Claws allow foxes to climb rooftops or trees. Herod was an insincere person. He could hide his intentions just like many foxes do with their claws. Some people hide dangerous cards under the table, just waiting for the right time to brandish them and claim victory. They take advantage of your ignorance and/or kindness. They can go to all length – including climbing rooftops – just to stalk and steal from you. They rarely come clean. They yell with their lips Peace! Peace! But their hearts are shouting Pieces! Pieces! They do not go about wielding their swords to all and sundry. Instead, they hide them in the sheaths and then hang under their skirts.
Foxes make about forty different sounds
The most upsetting sound of a fox is a scream. This symbolises chaps who say one thing today and another one tomorrow. They are as honest as politicians. They are con artists. They are known to lure their victims with pompous words and downright deception. In this category, you will find cultists and mysticists. They know how to communicate with their fellow ‘foxes’ for they speak the same language. They have a jungle jargon.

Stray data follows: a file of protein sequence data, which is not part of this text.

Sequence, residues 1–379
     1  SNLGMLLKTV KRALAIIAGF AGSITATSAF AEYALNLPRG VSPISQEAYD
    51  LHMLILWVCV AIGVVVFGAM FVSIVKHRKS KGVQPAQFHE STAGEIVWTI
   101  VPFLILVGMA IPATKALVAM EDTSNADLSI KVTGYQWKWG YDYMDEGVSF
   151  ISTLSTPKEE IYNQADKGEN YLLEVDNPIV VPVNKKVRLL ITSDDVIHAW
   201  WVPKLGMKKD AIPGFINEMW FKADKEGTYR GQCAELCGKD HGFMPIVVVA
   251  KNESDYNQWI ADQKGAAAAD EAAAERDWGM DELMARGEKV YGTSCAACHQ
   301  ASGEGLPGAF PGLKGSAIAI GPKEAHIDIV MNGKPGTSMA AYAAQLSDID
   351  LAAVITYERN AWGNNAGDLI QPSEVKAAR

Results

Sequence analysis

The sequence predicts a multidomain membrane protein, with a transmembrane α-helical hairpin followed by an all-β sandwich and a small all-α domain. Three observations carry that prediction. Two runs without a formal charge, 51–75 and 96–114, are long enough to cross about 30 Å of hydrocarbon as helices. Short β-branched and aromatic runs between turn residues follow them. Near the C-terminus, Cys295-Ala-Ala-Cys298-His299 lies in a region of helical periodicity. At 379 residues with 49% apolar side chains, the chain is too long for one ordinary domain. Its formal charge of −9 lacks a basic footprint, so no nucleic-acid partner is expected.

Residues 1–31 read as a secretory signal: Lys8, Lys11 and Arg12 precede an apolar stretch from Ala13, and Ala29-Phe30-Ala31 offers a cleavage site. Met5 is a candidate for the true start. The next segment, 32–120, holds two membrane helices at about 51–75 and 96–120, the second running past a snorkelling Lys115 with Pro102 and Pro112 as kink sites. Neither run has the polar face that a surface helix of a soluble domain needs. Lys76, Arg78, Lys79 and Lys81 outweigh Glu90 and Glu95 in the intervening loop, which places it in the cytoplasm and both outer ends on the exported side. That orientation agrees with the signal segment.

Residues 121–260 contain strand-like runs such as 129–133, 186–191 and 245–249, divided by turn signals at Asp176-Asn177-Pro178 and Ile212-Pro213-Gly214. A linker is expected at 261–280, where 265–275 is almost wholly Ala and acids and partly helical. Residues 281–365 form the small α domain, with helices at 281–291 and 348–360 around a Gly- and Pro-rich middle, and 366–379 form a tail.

Their perceptions and understanding are mostly subjective. Circumstances dictate their decisions and are constantly shouting for popularity while pampering pluralism.
They scream even when they are just supposed to speak calmly. They want everybody to know they are around. They know how to advertise their stupendous stupidities and naivety.
A fox’s den is ordinarily a burrow underground
Burrowing underground is a trait of unreliable people. You cannot easily tell their intentions. They hide their main agenda. You seldom see them in the open. They would prefer to stay in the soil and soil everything around rather than on soil to solve stuff. They can waste you from under. They wreak havoc from within. Perhaps they are the ones who ate Rodger Williams.
Foxes eat just about anything.